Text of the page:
Sharpe’s Longclaw, #8805, an endangered Kenyan endemic spotted on a remnant patch of native grassland overlooking the Rift Valley Escarpment in Kenya. © Jonathan Rossouw

    9000 Bird Quest Tempts Jonathan Rossouw

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    Apex Expeditions co-founder and expedition leader, Jonathan Rossouw, embarks on an ambitious quest to see 9,000 bird species by his 50th birthday!  Follow along on Jonathan’s 9,000 Bird Quest!

    8,805 Bird Species and Counting

    Jonathan loves a good challenge. As a passionate naturalist, world-class birder and natural-born adventurer, Jonathan never stops short when it comes to seeking elusive, endangered, and hard-to-find wildlife. I was not surprised then to learn that Jonathan’s lifelong fascination with birds had turned into a self-imposed challenge to see as many of the world’s avian species as possible. Already one of the top 10 birders in the world—having seen 8,805 species to be exact—Jonathan is now on a quest to see 9,000 species by the time he turns 50 in November 2018!

    Jonathan is one of a group of dedicated birders who compile “life lists” of all the species they have seen in their lifetime. While the precise number of bird species is still debated—since new species continue to be discovered and taxonomic challenges keep ornithologists working on refining their criteria—the most widely accepted IOC (International Ornithological Committee) world list recognizes just under 10,700 species. In 2012, at the age of 81, British birder Tom Gullick became the first person in the world to officially see 9,000 species. Since then, five more individuals have joined Gullick in exceeding the 9,000-species milestone. Jonathan hopes to achieve this remarkable feat just 15 months from now, and at age 50, would be the youngest individual to do so.

    From the Himalayas and Kenya to New Guinea’s Vogelkop

    Jonathan’s 9,000 Bird Quest is already underway. This year alone, he started off with a Creamy-bellied Gnatcatcher in Iguazu’s Atlantic rainforest, and has since traveled to such far-flung places as Halmahera, Indonesia, to see displaying Wallace’s Standardwing and Azure Dollarbird; Singalila National Park in the Himalayas to sight a long-awaited Gould’s Shortwing; Bhutan for the the glorious Satyr Tragopan; Japan’s southern islands for the endemic Okinawa Rail and Amami Woodcock; and, best of all, to New Guinea’s Vogelkop Peninsula on a successful quest for Long-tailed Paradigalla and the insane courtship dances of Western Parotia and Black-billed Sicklebill. “Can birding get any better than this?” Jonathan muses.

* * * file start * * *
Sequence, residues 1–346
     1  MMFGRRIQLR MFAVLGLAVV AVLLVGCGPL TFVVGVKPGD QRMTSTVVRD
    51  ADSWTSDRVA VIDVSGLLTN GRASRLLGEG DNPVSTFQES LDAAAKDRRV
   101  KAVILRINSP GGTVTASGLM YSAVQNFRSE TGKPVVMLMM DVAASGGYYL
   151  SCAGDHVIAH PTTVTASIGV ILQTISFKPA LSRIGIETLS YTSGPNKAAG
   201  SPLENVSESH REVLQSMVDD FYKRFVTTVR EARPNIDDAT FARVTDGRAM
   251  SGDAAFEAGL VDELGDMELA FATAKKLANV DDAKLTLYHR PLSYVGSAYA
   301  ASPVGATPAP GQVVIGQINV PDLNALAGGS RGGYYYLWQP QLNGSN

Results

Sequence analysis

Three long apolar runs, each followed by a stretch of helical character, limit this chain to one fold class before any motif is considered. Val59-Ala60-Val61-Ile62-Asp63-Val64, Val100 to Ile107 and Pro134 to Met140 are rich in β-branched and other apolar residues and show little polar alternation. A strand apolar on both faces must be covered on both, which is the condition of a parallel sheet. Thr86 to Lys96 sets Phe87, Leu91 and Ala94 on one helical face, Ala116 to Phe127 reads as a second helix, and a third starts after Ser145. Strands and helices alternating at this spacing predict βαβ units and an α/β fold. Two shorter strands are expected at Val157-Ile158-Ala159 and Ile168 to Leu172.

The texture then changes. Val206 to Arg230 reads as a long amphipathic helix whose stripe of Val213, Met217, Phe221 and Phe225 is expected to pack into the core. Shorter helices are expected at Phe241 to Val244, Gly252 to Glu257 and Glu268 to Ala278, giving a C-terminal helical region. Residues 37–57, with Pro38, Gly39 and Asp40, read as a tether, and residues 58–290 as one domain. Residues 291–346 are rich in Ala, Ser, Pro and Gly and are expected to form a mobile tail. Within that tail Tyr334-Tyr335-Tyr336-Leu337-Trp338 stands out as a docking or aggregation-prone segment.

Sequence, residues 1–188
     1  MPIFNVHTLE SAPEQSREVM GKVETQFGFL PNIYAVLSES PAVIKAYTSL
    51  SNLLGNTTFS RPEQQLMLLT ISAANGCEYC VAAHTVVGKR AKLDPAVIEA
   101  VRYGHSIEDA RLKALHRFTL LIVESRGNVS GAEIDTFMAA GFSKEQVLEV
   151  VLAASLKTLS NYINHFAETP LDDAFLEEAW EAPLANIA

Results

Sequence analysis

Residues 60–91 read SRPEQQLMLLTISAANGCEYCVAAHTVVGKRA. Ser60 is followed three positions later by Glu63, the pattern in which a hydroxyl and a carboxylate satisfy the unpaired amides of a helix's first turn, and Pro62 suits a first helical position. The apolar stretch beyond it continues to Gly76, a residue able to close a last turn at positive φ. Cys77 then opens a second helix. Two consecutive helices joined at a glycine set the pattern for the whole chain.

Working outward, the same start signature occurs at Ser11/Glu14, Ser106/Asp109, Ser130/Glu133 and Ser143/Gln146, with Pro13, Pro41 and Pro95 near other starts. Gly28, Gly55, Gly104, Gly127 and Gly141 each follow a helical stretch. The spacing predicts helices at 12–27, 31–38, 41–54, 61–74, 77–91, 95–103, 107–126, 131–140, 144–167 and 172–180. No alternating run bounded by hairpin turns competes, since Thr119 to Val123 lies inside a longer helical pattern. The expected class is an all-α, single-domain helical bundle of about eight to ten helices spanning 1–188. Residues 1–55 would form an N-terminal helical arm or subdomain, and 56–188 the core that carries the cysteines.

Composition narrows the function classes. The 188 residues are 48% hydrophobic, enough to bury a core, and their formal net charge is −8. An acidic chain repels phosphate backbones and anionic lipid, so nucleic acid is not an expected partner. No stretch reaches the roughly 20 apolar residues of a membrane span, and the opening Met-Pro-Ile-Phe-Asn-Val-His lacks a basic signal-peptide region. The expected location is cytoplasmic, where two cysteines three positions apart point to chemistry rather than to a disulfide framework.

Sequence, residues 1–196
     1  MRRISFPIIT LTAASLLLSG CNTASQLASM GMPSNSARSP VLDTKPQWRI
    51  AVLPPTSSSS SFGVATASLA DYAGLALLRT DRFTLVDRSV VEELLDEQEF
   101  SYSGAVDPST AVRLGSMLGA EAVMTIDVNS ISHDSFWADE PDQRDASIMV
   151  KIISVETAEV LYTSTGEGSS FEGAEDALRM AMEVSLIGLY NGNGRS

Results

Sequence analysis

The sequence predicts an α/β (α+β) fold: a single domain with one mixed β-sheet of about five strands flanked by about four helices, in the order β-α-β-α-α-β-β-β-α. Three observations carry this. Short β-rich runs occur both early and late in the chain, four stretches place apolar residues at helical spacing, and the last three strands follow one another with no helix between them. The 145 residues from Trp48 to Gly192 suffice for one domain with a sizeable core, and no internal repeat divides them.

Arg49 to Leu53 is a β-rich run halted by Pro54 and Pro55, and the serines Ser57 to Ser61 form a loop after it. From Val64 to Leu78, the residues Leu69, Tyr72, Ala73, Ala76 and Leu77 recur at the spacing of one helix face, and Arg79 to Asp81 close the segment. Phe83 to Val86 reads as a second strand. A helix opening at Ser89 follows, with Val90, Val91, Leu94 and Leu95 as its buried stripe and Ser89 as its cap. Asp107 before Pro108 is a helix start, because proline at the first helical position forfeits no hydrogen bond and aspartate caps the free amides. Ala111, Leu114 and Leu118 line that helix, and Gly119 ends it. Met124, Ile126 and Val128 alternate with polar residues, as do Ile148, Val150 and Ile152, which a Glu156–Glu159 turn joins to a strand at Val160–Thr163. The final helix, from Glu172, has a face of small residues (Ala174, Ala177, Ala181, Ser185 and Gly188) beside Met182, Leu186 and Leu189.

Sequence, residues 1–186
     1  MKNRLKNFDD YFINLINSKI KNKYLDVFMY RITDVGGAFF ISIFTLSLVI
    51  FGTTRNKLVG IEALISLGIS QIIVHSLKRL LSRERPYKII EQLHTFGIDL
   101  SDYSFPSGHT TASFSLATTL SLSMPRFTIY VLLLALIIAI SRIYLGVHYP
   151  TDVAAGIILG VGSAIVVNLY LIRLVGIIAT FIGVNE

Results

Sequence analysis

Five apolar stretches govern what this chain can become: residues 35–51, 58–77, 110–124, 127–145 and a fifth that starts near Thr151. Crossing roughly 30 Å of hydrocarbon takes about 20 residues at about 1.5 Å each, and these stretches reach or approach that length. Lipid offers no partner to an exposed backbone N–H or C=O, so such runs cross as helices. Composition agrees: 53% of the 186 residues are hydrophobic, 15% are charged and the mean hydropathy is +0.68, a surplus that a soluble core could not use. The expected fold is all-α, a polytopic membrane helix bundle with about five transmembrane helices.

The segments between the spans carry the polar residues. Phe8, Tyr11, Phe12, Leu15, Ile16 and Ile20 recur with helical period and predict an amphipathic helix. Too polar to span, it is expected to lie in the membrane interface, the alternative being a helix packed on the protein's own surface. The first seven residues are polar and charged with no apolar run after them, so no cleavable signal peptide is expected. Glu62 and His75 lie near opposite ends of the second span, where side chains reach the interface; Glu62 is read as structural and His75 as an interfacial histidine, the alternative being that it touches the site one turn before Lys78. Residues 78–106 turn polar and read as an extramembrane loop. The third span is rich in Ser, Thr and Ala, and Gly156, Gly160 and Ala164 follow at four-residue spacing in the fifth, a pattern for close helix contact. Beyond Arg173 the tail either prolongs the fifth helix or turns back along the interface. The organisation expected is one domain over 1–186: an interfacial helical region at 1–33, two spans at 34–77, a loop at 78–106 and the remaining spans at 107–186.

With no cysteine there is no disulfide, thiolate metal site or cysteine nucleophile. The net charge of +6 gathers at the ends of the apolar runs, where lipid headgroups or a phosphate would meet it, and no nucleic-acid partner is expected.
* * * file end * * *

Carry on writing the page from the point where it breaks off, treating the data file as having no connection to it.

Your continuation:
Just last month, Jonathan sent greetings from western Kenya while en route to the birding mecca of Kakamega Forest. He had stopped at a remnant patch of native grassland overlooking the Rift Valley Escarpment on what resulted in a fine encounter with Sharpe’s Longclaw, an endangered Kenyan endemic… and his 8,805th species. Only 195 to go!

    The 9,000 Bird Quest Continues in North-eastern Brazil

    Now, armed with his binoculars and Swarovski spotting scope, Jonathan’s quest will resume in the cactus-studded Caatinga scrub of north-eastern Brazil, where he hopes to add another 50+ species to his list, followed by scouring Brazil’s southern state of Rio Grande do Sul to pick up another 15-20. “It becomes extremely challenging from here on out,” Jonathan told me. “That pesky ‘Law of Diminishing Returns’ kicks in, and I’ll need perseverance, careful strategy, and healthy dollops of luck if I’m to succeed in this crazy quest!”

    Follow Jonathan’s 9,000 Bird Quest

    Think he can do it? Why not follow along as Jonathan’s quest unfolds on what’s sure to be a fascinating adventure. Read about it on our blog or follow Apex on Facebook, Instagram or Vimeo for the latest updates!

    Learn more about Jonathan and his upcoming expeditions.

1 Comment on 9000 Bird Quest Tempts Jonathan Rossouw

    Ludmilla Popova Wightman says:

    Jonathan, Congratulations! I think that seeing all existent bird species is a noble life goal. And from 50 to 80 you have the chance to see another 2000 species! It is possible that you will be the first to do so!